WORRIED Swindon patients received the wrong coronavirus vaccine after going for their second jab at the vaccination centre inside Steam Museum

The effects of having mixed doses is still being trialled but health experts say it should not cause problems.

Sandra Fitzpatrick gave the medic her card to show the first dose had been Pfizer but later learned the computer had recorded it as AstraZeneca, so she received that as her second dose instead.

The 68-year-old from Cheney Manor said: “I was anxious enough about Covid anyway so this did make me feel scared. I overheard the nurse chatting to a colleague who said they had made the same mistake once.

“I felt poorly the day after because of AstraZeneca side effects and feel fine now. I was worried because I didn’t know if the mixed vaccines would still work.

“A lot of my friends are going for their second jab soon and they are going to make sure they see the bottle to make sure they get the right one.”

Sandra contacted the Adver after reading about a similar mix-up at Great Western Hospital where a woman who received Pfizer instead of AstraZeneca was told this was the first time this had happened in the town.

GWH apologised for the mistake, will investigate how it happened to prevent future errors, and added that medics “do not anticipate any ill effects arising from this”.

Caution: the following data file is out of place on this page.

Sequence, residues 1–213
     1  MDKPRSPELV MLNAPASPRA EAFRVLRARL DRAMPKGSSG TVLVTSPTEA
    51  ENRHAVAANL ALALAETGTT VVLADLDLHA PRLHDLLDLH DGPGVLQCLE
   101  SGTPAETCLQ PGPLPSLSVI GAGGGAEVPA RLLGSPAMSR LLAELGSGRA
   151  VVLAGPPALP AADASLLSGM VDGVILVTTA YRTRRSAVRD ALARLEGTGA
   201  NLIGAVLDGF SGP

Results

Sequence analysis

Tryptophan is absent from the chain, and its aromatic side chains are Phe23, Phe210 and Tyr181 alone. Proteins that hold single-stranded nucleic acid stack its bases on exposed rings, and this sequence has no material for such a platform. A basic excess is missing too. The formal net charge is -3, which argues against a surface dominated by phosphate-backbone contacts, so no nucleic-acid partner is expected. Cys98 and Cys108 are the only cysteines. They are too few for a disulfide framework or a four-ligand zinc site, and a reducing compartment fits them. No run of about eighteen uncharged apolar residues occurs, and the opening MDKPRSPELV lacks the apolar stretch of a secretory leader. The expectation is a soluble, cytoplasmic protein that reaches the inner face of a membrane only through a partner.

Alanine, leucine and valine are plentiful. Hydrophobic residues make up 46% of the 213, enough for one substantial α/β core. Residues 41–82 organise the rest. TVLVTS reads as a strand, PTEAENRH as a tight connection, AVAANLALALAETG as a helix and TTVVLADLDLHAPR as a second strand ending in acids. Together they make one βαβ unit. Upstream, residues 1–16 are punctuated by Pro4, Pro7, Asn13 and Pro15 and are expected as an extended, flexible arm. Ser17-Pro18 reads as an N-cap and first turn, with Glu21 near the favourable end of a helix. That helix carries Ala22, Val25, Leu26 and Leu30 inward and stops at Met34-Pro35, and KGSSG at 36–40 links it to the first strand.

Sandra added: “Reading about that did make me feel better.”

Patricia Williams of Rodbourne Cheney experienced the same issue months earlier. She had the AstraZeneca vaccine in January before being injected with Pfizer in March.

The 84-year-old was among the first group of people in the UK who could be immunised against coronavirus because of her age.

She said: “I forgot my card but I told them which vaccine I’d had before. When I got home, I looked at my new card and realised what had happened.

“I was told I should be alright but was till quite worried – ‘should’ is not definite – but feel fine now. I tried to speak to someone about how this mistake had been made but didn’t get a good answer.”

There is currently no indication that having different coronavirus vaccines makes the doses less protective or causes any side-effects.

And so far, only a small number of mix-ups have been reported out of more than 15 million second doses successfully given to patients around the UK since the rollout began.

Public Health England found that having one dose can reduce household transmission of the virus by up to 50 per cent. 

This is on top of the reduced risk of a vaccinated person developing symptomatic infection in the first place, which is around 60 to 65 per cent four weeks after one dose of either vaccine.

A separate study found that being fully vaccinated with both doses of a Covid-19 vaccine reduces the risk of transmission by as much as 54 per cent. 

A spokesman for the Bath and North Somerset, Swindon and Wiltshire Clinical Commissioning Group said: “We have carried out a thorough review of our records and people should continue to come forward for their jab, when invited.”